Dia De Los Muertos: Remembering The Victims Of Violence
(EL PASO, Texas) – Living on the border, almost any day can be a day of the dead.
Dia de los Muertos is a holiday to remember and honor the dead. But for border residents, the day has a unique and tragic meaning.
The outdated and broken U.S. system leaves the vast majority of immigrants without legal means to enter. This pushes them into the deserts and into the hands of criminal smugglers. By some estimates, more than 500 people die every year in the desert trying to cross into the U.S.
As this systemic violence claims lives, border residents also live with near-daily reports of excessive force used by law enforcement on migrants, workers and people living on the border.
The ACLU reports that since January of 2010, 20 individuals have either died or been seriously injured by CBP officials, including eight cases where agents responded to rocks being thrown across the border and six cases involving individuals killed while standing on the Mexican side of the border.
Just days ago in the Rio Grande Valley, Texas DPS agents in a helicopter opened fire on a truck near the border, killing two unarmed migrants.
“The misguided immigration and enforcement policies in the U.S. often violate basic legal and human rights,” said Fernando Garcia, BNHR Executive Director. “The use of excessive force against unarmed individuals is common place and yet no one has ever been held accountable for these deaths.”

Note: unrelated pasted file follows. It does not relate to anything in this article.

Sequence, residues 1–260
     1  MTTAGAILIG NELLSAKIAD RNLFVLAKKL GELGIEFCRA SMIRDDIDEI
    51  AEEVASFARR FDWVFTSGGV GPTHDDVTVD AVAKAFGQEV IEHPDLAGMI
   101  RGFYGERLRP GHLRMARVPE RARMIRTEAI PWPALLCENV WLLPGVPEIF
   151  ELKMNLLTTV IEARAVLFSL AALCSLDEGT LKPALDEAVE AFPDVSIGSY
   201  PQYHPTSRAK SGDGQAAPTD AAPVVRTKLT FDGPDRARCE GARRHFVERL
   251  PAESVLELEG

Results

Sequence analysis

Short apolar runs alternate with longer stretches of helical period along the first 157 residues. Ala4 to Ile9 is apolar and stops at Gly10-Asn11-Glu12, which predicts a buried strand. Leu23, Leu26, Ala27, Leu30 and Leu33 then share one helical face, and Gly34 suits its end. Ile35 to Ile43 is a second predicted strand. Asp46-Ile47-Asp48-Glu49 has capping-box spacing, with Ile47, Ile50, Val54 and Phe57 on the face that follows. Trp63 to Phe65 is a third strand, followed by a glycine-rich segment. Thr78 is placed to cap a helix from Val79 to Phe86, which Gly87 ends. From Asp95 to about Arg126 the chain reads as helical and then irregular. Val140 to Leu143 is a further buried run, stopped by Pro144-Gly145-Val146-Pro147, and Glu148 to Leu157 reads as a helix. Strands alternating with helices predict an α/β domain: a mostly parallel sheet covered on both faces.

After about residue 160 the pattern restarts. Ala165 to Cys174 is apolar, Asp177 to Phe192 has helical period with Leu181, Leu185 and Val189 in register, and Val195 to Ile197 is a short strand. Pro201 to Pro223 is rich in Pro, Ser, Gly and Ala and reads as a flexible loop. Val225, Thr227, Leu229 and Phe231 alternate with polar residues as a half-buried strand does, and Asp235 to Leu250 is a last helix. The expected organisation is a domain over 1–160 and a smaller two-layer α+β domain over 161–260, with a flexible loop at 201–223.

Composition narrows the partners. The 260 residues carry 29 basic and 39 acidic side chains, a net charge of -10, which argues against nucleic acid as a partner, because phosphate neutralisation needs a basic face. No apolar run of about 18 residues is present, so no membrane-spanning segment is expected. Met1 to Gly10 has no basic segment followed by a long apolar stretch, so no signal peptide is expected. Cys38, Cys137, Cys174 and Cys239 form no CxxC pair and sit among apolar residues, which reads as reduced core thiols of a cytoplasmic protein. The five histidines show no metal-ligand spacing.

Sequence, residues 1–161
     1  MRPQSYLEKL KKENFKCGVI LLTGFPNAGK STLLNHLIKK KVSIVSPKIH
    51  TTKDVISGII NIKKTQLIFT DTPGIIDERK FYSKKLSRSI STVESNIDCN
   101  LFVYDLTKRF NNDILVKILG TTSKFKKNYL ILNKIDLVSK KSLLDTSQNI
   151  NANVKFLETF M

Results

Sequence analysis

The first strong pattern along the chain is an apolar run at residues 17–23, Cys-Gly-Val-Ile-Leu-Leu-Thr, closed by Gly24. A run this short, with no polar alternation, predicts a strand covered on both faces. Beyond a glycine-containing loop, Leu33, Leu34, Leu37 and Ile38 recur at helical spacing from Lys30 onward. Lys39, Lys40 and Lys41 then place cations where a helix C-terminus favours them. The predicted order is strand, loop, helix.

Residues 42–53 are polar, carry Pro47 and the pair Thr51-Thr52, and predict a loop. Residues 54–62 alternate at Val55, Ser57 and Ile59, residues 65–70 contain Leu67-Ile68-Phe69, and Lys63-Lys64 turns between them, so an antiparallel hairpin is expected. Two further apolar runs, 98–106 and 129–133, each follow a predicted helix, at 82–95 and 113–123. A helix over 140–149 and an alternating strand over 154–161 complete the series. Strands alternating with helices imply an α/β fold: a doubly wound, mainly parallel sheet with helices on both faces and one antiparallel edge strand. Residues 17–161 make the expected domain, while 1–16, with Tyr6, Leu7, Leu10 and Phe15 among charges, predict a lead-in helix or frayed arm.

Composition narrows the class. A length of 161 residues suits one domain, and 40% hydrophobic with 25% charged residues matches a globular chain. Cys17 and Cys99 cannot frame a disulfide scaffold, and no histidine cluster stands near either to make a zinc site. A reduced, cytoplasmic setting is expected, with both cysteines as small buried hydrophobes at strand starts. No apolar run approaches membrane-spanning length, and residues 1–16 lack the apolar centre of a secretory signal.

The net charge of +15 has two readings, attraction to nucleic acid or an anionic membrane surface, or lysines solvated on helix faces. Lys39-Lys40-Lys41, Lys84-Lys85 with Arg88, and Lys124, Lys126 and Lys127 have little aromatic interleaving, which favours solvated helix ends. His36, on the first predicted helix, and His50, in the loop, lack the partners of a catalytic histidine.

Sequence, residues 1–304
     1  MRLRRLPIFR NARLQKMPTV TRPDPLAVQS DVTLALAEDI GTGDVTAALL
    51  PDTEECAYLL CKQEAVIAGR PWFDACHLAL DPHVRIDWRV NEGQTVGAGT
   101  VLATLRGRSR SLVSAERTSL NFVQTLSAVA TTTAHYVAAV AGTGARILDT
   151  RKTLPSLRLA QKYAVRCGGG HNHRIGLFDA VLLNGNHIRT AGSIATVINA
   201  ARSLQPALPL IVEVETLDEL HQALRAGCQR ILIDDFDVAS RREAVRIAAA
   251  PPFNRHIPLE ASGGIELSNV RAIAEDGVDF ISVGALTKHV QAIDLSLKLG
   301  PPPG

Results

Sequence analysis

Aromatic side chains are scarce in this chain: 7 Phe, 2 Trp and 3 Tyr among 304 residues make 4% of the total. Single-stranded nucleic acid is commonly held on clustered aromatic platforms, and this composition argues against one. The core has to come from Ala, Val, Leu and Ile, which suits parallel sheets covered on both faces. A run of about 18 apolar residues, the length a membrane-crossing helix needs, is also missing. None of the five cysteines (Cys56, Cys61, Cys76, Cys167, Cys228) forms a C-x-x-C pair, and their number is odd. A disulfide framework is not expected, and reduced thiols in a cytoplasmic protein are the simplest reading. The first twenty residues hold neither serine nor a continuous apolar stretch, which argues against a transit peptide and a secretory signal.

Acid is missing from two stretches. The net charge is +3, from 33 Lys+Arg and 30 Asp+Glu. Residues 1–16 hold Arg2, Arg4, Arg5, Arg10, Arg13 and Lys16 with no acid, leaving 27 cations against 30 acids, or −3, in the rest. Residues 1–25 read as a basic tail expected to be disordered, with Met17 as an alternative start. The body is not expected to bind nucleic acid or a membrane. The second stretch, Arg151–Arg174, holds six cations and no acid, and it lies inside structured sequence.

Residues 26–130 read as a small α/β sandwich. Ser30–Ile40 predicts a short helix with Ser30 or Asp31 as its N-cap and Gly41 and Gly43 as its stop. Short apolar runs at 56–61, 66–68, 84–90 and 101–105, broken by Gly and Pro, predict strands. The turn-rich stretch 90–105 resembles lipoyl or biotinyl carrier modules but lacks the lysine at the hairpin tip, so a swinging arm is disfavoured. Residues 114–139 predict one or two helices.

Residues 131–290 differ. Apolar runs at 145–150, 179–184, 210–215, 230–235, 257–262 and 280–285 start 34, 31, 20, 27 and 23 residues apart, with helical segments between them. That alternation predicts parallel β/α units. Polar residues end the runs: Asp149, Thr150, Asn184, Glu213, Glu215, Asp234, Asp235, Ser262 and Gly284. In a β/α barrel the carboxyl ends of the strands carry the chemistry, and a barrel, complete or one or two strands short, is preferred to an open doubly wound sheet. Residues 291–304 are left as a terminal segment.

An example of these misguided policies is the fact that the Border Patrol is charged with enforcing civil law, but operates as a paramilitary force.
“The problem with this is that in a military structure, agents are accountable only to their superiors,” Garcia said. “Supposedly, the Border Patrol should be accountable to civilian government, to the people. But we all know that they aren’t. This is why we have been calling for measures to make border enforcement operations accountable to society and to Congress. It’s important to have oversight of the largest domestic law enforcement agency in the U.S.”
The fact is that militarization and weaponization of the border have not made the U.S. safer. Instead, it has only succeeded in making the border more dangerous for the most vulnerable — migrant workers and families looking for a better life in the U.S.
The Border Network calls on President Obama and Congress to create an independent commission to oversee border enforcement and hold agencies accountable for rights violations.